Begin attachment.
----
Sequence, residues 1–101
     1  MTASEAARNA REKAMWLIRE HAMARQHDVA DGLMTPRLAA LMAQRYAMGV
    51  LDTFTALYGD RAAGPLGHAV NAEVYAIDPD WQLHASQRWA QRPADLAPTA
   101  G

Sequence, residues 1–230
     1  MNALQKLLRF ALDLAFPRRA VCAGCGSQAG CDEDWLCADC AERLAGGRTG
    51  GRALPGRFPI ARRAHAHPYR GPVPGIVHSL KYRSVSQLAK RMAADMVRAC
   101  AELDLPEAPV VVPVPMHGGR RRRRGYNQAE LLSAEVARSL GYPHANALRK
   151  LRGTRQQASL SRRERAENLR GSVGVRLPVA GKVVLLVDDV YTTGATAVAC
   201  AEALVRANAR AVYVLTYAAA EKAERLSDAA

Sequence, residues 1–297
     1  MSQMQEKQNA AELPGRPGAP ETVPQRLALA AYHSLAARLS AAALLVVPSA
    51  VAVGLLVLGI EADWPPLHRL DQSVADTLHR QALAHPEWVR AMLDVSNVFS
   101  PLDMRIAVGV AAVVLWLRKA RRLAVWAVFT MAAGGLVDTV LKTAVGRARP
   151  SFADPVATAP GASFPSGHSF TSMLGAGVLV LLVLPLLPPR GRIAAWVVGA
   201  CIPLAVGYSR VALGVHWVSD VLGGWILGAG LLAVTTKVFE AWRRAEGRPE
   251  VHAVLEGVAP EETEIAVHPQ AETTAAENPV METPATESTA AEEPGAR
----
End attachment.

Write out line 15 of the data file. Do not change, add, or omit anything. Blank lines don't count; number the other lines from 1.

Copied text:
   151  SFADPVATAP GASFPSGHSF TSMLGAGVLV LLVLPLLPPR GRIAAWVVGA